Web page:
* Have students schedule meetings with you to get their grades on their papers or written assignments. You can return their marked papers or assignments in class for them to review before meeting with you, but hold the grades "hostage."

* If you divide your class into cooperative learning groups or assign group projects, you might have each group schedule at least one appointment with you to give a progress report. When students arrive, especially the first time, try to make them feel welcome and at ease. After all, they're on your turf, and it takes courage for them to be there. You might spend the first minute or two finding out how they are, how the course is going for them, and what they think of their college experience in general.

In this day and age, however, too warm an approach can be misunderstood. If you are meeting in your office, close the door for privacy but leave it slightly ajar. Also maintain a respectable seating distance.

Should an emergency or illness prevent you from making your office hours, leave a note, or ask your department staff to leave a note, apologizing for your unavoidable absence.

Making the Time Productive

Most students who come to your office hours do so with a definite purpose in mind, often one that you have defined in class. So it is worth a little class time, if not a section in your syllabus, to advise students on how to prepare for meetings with you. You cannot be expected to read their minds.

For instance, you might instruct them to come with appropriate materials: their journals and/or lecture notes, their lab books, their homework problems, drafts of their papers, and/or the readings with troublesome passages marked. You might even tell them to write out their questions or points of confusion as clearly as they can. If the issue is a homework problem, insist that they work it out as far as they can, even if they know their approach is faulty. If the issue is a grade, tell them to bring in a written justification-with citations to the readings, lectures, discussions, labs, etc.-for changing their grade.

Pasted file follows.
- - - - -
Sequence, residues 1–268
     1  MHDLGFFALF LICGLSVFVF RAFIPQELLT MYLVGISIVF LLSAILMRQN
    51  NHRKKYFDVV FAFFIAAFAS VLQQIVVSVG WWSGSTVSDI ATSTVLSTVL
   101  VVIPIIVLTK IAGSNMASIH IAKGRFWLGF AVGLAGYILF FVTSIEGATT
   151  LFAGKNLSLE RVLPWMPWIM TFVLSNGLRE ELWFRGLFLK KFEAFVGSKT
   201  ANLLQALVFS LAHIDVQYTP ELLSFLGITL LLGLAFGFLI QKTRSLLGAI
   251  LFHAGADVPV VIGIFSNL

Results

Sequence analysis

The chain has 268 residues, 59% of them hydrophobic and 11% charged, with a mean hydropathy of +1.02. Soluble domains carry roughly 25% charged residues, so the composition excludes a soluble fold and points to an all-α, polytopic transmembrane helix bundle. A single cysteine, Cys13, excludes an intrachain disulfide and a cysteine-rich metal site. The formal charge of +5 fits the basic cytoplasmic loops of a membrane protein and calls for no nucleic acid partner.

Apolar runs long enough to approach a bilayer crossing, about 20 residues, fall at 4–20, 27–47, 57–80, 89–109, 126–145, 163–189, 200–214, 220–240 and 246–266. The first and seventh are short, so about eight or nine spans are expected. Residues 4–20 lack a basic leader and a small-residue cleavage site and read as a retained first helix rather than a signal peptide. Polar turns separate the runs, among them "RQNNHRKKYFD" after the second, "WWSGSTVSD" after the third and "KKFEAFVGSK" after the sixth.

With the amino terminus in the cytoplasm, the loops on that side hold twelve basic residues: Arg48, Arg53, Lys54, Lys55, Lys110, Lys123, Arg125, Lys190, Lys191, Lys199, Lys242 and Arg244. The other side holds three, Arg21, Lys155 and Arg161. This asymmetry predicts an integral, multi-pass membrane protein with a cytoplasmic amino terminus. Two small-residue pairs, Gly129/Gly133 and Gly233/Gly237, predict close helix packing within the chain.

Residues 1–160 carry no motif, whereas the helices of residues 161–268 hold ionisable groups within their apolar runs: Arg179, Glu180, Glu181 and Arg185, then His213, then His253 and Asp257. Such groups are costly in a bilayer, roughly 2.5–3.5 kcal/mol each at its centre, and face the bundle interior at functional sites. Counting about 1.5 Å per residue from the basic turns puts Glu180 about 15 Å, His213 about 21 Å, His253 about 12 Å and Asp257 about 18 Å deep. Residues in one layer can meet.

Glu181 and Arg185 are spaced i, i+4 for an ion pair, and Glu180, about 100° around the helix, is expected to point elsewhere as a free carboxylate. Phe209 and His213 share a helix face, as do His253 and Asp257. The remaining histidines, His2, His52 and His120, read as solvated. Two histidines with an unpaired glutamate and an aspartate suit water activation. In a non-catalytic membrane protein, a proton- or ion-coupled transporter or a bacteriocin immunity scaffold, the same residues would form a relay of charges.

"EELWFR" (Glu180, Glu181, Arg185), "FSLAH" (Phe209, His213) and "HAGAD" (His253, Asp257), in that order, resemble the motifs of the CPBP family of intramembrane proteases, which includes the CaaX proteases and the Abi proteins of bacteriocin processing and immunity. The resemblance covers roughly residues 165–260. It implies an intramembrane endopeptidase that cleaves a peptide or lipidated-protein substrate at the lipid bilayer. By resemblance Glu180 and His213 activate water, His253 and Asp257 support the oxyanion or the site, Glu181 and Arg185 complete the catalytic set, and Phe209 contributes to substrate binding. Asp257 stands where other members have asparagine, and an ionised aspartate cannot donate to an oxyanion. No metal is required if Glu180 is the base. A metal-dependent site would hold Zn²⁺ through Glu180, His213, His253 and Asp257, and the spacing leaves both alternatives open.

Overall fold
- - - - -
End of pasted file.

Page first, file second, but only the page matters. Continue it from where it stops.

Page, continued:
Reserve the right to terminate and reschedule a meeting if a student is not adequately prepared. Why waste both your time? In addition, counsel students that they are not to use your office hours to get a condensed version of the classes they've missed nor to get you to write their papers or do their homework problems for them. See Chapter 8 for suggestions on handling problematic student demand and questions.

When a student does come properly prepared, try to give her your undivided attention. If you cannot prevent intrusive phone calls, do keep them brief. If other students are waiting outside your door, work efficiently without letting their presence distract you.

Student-Active Tutoring

To maximize the value of your consultation, make it as student-active as possible. Refer to Chapter 13 on the discovery method, especially the section on the Socratic method, and Chapter 16 on questioning techniques for recommendations on how to help students work through their confusions as much on their own as possible. While some students resent this strategy, you can often be most helpful by respond to their questions that will lead them to answers. After all, they won't really lean what you tell them-only what they themselves realize (Bonwell and Eison, 1991).